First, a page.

Routing for backup Internet service

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Jan 20th, 2014
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I am working on a project were internet service will be added to a backup/DR data center to service users in case the internet service at the primary data center goes down.  The two data centers are connected through an ethernet service.  Currently the network default route points to the inside interface of the primary site firewall.  In the case that the Internet Circuit at the primary site fails, how can I configure the internal network so that the default route switches over to the inside interface of the firewall at the backup location without manual configuration.  I would assume I would need to do some sort of SLA monitoring on the firewalls (ASAs) to detect any outages on the circuit.  Can I add a backup default route to the layer 3 switches on the inside (Nexus 7K at primary site, 4500X at backup site) so that when the SLA monitor detects an outage the backup default route is inserted into the routing tables?

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Jon Marshall Mon, 01/20/2014 - 12:44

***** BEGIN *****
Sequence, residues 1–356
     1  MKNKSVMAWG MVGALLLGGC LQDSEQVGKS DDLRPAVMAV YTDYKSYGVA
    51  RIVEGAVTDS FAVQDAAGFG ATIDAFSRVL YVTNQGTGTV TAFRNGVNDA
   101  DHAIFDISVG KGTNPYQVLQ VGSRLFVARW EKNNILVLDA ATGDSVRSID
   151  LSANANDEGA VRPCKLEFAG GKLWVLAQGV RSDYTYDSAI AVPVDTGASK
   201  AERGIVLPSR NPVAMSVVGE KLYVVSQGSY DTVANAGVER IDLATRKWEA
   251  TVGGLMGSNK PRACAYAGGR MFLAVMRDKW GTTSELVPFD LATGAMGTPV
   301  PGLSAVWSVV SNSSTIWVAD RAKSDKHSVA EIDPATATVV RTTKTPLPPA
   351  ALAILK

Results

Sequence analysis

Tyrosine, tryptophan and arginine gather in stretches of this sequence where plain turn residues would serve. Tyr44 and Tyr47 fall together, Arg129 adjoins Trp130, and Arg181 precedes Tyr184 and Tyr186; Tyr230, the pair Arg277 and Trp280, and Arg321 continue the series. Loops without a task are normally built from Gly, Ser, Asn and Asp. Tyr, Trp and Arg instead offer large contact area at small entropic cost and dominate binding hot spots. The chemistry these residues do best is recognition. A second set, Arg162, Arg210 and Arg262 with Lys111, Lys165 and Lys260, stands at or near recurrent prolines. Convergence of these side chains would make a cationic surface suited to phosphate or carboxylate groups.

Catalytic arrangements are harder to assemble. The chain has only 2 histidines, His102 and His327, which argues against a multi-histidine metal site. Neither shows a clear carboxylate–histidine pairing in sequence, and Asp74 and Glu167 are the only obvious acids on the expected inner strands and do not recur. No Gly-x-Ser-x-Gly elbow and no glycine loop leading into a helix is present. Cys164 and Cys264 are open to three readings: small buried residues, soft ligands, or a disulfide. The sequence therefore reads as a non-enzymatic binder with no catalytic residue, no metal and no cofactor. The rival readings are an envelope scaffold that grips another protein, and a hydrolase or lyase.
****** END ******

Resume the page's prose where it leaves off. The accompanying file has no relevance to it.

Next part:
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Mitchell


Are you running a routung protocol between the DCs ? Sounds like you are not but just wanted to check.


IP SLA is an option but if you run it on the firewalls and you are not running a routing protocol how will the internal switches know to send traffic to the other DC. You don't really want it having to bounce off the firewall.


Does the backup DC use the primary site for internet if the primary link is up ?


What would be better is if the default route used on the Nexus was tracked using IP SLA and if it was up it was redistributed into an IGP. The 4500 would then have a floating static pointing to the backup firewall but the AD would be higher that the redistributed route. So it would use the primary DC if the link was up. If the link fails it then uses it's own default route and advertises this into the IGP and all traffic switches to the backup DC


You could run tracking on the firewalls but you still need some way of letting the switches know to change the route so again an IGP would be useful.


But the above is making a lot of assumptions eg -


1) IP SLA is supported on N7K - easy to check


2) the N7K and the 4500X route the vlans for their respective DCs


3) the interconnect goes from the N7K to the 4500X


4) you are prepared to, or are already running an IGP